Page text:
As a general rule sea-lions don't walk about seeking whom they may devour, but one of our group tells me that down the coast a lady saw one lying upon the sand, and, supposing it to be dead, touched it with her parasol. It proved to be only asleep; the stroke awoke it, she turned to fly, and it went lumbering after-her. While she ran, shrieking with terror, a gentleman of her party came up and dispatched the animal with his revolver. Whether this be history, or a "California yarn," I have not the least idea.

Breakfast interrupts our observations, and we sit down to it with keen appetites. Profusion and excellence are the characteristics of all California meals, At this, white wine .serves instead of coffee, and conversation flows like a river. Colonel Foster, our host, recalls the days when he used to go down to the sea in ships, Harry Linden lives his adventures in Mexico over again; Swinton invokes the ghosts of the Army of the Potomac; and, at short intervals Evans blossoms in some fresh story, always droller and more extravagant than the last. The meal ends with a California fruit-offering—strawberries, raspberries, apricots, enormous, peaches, fresh figs, and mangoes, all produced near San Francisco, and thus early in the season. The mango, a little larger than a hen's egg, tastes somewhat like the banana, but has a richer tropical flavor.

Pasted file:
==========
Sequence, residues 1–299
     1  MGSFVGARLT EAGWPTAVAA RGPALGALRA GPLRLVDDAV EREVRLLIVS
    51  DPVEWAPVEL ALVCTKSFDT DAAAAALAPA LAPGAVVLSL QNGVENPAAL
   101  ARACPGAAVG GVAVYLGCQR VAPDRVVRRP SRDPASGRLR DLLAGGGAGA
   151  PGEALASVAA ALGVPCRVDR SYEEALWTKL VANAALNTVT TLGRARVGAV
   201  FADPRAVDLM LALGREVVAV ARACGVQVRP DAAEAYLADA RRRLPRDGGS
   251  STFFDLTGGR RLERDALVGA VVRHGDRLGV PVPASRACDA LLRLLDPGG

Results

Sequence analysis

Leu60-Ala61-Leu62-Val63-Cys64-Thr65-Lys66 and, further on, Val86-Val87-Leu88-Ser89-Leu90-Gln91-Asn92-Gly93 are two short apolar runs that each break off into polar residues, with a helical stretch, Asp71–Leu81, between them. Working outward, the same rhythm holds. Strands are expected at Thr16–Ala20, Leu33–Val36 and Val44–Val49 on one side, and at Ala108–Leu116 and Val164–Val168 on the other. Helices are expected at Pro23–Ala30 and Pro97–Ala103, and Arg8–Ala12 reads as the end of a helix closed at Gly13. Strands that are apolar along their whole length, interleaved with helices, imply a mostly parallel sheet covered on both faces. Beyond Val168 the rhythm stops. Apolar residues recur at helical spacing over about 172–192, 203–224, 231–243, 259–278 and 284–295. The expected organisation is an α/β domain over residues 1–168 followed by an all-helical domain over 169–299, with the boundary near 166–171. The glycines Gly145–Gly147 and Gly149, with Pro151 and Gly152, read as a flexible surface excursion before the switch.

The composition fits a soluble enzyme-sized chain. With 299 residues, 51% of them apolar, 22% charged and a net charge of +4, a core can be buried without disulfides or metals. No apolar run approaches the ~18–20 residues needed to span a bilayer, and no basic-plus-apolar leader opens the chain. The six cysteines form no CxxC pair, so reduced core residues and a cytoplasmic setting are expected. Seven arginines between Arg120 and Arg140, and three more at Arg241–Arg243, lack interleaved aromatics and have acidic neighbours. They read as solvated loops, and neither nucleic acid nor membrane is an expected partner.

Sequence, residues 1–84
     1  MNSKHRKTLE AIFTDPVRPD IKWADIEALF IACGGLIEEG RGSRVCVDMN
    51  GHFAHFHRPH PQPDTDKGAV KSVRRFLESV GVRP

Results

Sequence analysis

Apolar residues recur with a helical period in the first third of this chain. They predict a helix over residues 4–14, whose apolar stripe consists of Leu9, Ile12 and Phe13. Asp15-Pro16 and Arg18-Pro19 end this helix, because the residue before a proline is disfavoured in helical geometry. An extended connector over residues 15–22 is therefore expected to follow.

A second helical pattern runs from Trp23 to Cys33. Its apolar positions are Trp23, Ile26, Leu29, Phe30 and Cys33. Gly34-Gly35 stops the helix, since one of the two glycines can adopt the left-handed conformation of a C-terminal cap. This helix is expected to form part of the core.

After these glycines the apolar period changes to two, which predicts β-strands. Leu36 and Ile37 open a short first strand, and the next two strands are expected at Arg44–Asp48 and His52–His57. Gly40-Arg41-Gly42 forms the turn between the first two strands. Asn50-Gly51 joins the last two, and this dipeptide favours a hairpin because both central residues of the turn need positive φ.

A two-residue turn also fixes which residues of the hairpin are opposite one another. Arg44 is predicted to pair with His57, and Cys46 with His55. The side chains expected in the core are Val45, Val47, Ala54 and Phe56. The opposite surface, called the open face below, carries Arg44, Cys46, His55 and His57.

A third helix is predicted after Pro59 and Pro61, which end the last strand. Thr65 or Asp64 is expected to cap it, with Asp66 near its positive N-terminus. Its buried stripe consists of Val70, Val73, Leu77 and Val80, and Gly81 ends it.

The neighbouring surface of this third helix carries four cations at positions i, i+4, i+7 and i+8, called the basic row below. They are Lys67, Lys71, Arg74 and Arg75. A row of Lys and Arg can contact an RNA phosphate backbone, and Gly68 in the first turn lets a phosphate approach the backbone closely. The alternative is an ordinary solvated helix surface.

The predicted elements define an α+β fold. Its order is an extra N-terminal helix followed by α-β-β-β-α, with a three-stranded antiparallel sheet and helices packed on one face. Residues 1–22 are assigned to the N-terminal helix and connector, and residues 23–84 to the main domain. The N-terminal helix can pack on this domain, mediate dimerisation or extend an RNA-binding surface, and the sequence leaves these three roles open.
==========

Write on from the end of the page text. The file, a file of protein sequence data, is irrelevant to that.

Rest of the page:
Breakfast over, we make our adieus to the lions and turn homeward. Under the irresistible temptation of a horseback ride, I give up my seat in one of the carriages, and gallop back with a lady of the party and her little boy of ten years, who sits his pony like an old cavalry soldier. Pleasant to see are his glowing cheeks and the healthful flush on the face of the mother, who was a confirmed invalid until her physician prescribed this remedy. To it she believes that she owes her life; and now she finds a gallop of twenty miles, before breakfast, a pleasant recreation. Were we all to throw physic to the dogs, and take large doses of the saddle instead, I wonder if anybody would lose by it except the undertakers. They might "strike," and so find themselves in the fashion.